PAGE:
With Energy, Little Is Black or White. Here Come the Grey Hats.
Everyone seems to play together so nicely these days.
Australian mining giant BHP Billiton teamed up with two major environmental groups to preserve a 125,000-acre biodiversity "hotspot" in Chile, where the world's biggest woodpeckers live among the world's smallest deer.
BHP Billiton says its collaboration with environmental groups is evidence of the importance of sustainability to its mission. The Valdivian Coastal Reserve project is one of many examples of partnerships unthinkable for a mining concern in years past. The company's state-of-the-art 2013 sustainability report runs 50 pages, and contains metrics on everything from greenhouse gas emissions to contractor human-rights training.
It's all great and noble and worthy of attention. No, really, it is. BHP Billiton understands that mutual coordination with key groups -- communities, regulators, investors -- can make or break its reputation and, consequently, its long-term success. It also happens to be one of the largest producers of coal, which makes it simultaneously an icon of un-sustainability.
Many companies will keep one foot in a dirty-energy past and one in a clean-energy future during the current global energy transformation. It's an awkward position for a growing number of companies to be in. They're not wearing black or white hats, but charcoal grey, and that's enough to make them targets in some circles.
Take the Arctic Circle, which is warming faster than the rest of the globe. Coal-mining companies are under scrutiny at Norway's $817 billion sovereign wealth fund, the world's largest, as members of Parliament and investment executives weigh the long-term prospects of this carbon-heavy conventional fuel. Norway's fund has already cut its investments in coal producers by half.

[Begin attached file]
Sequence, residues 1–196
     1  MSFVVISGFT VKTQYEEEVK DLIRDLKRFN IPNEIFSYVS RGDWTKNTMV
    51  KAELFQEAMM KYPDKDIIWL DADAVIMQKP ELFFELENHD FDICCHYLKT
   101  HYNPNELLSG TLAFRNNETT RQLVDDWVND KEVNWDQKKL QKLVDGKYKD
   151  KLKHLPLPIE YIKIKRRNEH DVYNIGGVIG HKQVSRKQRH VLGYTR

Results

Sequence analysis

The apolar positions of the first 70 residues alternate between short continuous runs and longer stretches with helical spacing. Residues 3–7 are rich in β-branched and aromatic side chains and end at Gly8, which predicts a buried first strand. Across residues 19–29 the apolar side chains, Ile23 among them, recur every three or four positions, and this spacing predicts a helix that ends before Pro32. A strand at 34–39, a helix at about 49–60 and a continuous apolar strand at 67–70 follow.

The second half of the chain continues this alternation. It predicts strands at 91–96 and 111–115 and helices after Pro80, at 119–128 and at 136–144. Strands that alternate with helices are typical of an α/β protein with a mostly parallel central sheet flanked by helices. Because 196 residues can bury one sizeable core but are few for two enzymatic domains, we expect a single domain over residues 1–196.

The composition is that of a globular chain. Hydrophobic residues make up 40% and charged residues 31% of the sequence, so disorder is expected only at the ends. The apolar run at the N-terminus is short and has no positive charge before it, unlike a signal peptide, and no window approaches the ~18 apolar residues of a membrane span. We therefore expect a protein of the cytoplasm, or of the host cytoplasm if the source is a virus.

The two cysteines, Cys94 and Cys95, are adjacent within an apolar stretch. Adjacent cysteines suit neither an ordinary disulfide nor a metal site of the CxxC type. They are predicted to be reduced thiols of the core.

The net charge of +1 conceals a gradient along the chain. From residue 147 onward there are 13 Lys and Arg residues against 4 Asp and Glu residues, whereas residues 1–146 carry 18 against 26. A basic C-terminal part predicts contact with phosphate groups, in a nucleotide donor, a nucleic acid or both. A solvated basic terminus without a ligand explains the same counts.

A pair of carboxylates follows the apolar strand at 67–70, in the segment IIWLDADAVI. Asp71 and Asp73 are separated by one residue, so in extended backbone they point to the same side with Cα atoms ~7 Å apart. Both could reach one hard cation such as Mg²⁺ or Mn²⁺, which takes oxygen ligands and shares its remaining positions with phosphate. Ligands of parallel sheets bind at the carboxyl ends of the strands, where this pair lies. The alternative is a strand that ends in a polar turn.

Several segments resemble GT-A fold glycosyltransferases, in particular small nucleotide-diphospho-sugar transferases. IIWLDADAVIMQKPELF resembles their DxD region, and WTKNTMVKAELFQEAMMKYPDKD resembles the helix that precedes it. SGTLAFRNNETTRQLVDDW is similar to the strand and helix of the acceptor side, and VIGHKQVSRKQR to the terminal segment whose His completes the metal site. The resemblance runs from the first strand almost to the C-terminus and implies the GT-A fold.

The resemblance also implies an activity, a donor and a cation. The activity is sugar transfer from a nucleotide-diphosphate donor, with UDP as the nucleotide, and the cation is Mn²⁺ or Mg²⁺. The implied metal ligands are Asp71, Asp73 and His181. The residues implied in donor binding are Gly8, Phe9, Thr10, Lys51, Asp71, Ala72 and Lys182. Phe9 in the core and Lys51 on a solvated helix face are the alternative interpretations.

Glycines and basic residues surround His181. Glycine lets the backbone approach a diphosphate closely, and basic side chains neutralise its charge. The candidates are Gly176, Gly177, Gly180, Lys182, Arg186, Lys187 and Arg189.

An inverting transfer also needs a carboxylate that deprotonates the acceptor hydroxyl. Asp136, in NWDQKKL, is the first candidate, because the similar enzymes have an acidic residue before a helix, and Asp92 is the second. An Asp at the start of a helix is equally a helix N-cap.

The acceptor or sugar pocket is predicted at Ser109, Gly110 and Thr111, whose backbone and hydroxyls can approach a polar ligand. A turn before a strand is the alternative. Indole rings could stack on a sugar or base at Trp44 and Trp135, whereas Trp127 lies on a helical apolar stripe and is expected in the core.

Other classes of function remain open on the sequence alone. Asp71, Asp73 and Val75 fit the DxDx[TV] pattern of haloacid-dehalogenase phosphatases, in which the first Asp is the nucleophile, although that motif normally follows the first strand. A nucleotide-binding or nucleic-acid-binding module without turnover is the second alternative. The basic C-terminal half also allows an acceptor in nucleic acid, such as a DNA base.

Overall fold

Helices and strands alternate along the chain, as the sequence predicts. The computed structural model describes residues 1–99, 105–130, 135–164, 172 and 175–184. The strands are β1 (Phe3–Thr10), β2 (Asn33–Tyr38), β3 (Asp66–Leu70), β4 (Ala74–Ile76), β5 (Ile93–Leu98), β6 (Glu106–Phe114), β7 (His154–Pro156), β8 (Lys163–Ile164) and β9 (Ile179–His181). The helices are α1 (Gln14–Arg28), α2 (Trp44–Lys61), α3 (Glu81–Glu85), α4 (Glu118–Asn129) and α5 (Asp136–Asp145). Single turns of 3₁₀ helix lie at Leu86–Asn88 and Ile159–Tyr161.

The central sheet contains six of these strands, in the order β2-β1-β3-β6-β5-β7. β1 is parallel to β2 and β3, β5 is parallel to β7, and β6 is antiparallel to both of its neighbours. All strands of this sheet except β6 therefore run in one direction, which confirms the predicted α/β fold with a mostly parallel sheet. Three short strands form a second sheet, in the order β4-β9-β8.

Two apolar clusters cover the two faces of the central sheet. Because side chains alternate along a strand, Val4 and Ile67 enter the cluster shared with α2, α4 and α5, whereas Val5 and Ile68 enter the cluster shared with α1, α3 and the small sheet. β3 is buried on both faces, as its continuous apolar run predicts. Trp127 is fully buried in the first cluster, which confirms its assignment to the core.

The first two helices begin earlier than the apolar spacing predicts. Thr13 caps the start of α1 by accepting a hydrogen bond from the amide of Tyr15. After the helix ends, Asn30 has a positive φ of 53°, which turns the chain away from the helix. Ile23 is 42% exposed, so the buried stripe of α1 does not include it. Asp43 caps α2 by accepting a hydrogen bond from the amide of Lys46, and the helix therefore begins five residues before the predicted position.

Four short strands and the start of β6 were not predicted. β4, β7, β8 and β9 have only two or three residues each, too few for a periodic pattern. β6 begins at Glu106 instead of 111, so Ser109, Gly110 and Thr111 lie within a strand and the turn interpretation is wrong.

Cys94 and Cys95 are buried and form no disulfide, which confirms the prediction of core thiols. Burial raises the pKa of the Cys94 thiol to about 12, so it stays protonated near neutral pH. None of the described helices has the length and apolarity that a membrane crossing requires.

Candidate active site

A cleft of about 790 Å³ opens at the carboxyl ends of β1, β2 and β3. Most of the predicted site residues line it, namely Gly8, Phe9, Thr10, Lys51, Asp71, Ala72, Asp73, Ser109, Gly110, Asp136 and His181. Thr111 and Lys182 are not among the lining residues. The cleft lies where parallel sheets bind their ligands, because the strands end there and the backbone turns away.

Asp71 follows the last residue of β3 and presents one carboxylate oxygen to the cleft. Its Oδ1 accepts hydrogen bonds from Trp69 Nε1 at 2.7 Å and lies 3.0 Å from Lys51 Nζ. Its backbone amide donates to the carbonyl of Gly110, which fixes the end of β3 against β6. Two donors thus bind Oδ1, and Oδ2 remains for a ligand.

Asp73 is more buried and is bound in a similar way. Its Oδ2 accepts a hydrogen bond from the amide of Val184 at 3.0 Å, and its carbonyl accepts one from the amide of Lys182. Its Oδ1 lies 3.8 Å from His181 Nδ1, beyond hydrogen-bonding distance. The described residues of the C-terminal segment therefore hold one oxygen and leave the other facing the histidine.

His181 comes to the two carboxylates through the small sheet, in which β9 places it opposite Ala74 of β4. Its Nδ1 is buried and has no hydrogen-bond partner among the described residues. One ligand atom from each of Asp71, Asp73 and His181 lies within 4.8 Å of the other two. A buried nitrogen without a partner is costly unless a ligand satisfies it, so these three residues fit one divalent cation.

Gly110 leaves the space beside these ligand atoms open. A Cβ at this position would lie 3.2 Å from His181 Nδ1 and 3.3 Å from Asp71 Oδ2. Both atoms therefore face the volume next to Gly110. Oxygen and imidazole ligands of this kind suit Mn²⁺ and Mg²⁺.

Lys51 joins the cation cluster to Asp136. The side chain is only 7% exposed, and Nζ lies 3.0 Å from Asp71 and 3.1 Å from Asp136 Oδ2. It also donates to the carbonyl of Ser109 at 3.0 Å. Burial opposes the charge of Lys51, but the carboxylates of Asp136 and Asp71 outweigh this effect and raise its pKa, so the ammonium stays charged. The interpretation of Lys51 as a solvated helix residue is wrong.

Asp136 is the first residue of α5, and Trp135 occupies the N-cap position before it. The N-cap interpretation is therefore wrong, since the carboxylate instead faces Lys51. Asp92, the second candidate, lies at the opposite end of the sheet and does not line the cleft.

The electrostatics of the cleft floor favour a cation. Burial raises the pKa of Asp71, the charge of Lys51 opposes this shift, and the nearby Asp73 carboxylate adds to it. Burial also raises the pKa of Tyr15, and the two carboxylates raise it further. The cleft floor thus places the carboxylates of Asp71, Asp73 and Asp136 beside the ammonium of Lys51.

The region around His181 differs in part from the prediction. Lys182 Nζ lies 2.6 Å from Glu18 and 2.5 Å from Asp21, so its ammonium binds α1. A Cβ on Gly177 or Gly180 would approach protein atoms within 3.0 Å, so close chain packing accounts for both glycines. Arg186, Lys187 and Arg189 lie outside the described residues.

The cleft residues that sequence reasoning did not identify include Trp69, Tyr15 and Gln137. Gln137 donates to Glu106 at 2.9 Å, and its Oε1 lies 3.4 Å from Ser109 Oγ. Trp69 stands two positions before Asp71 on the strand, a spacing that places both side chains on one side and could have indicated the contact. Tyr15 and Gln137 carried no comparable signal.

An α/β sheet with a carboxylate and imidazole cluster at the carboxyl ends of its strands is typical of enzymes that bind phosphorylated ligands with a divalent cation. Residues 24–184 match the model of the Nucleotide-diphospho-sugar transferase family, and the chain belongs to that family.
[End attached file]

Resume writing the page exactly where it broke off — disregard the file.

A proposal in the Norwegian parliament, put forth by the opposition, would expand the divestment, Bloomberg and Reuters both reported yesterday. If the plan excluded all coal mining companies, another 90 companies would lose the fund's investment, including BHP Billiton, which is the top holder of proven and probable coal reserves, according to data compiled by Bloomberg.
What's a company supposed to do? To some extent, intensify what they are doing. BHP Billiton supports a carbon price in public policy and uses an internal carbon price in its own investments, according to a BHP spokesperson. It has reported emissions since 1996 and last year held them below 2006 levels, despite growth.
"We believe that as the world makes its energy choices we are likely to see a transition to lower carbon sources and actively manage our portfolio to reflect this view," the spokesperson said in an email.
Norway's attention to the greenhouse-gas potential of its investments is part of a larger trend: Some investors are realizing that today's valuable carbon minerals might turn out to be tomorrow's liability.
It also suggests that individual sustainability programs are good for a lot of things -- but not necessarily the really big ones.
Also by Eric Roston